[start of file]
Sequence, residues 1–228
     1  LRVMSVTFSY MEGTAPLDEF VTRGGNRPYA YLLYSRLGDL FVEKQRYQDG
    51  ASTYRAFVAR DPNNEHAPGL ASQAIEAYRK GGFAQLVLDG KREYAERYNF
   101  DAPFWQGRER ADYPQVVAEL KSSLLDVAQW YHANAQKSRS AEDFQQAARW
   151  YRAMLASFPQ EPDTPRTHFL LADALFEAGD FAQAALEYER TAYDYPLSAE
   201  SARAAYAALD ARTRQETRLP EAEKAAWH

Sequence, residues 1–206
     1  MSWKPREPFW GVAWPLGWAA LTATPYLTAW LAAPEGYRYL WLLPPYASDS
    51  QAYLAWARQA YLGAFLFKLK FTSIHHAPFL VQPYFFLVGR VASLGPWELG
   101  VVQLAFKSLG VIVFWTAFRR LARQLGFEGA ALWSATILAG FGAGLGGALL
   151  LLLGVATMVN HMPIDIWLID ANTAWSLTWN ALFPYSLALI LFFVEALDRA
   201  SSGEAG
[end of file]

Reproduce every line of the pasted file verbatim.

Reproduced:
Sequence, residues 1–228
     1  LRVMSVTFSY MEGTAPLDEF VTRGGNRPYA YLLYSRLGDL FVEKQRYQDG
    51  ASTYRAFVAR DPNNEHAPGL ASQAIEAYRK GGFAQLVLDG KREYAERYNF
   101  DAPFWQGRER ADYPQVVAEL KSSLLDVAQW YHANAQKSRS AEDFQQAARW
   151  YRAMLASFPQ EPDTPRTHFL LADALFEAGD FAQAALEYER TAYDYPLSAE
   201  SARAAYAALD ARTRQETRLP EAEKAAWH

Sequence, residues 1–206
     1  MSWKPREPFW GVAWPLGWAA LTATPYLTAW LAAPEGYRYL WLLPPYASDS
    51  QAYLAWARQA YLGAFLFKLK FTSIHHAPFL VQPYFFLVGR VASLGPWELG
   101  VVQLAFKSLG VIVFWTAFRR LARQLGFEGA ALWSATILAG FGAGLGGALL
   151  LLLGVATMVN HMPIDIWLID ANTAWSLTWN ALFPYSLALI LFFVEALDRA
   201  SSGEAG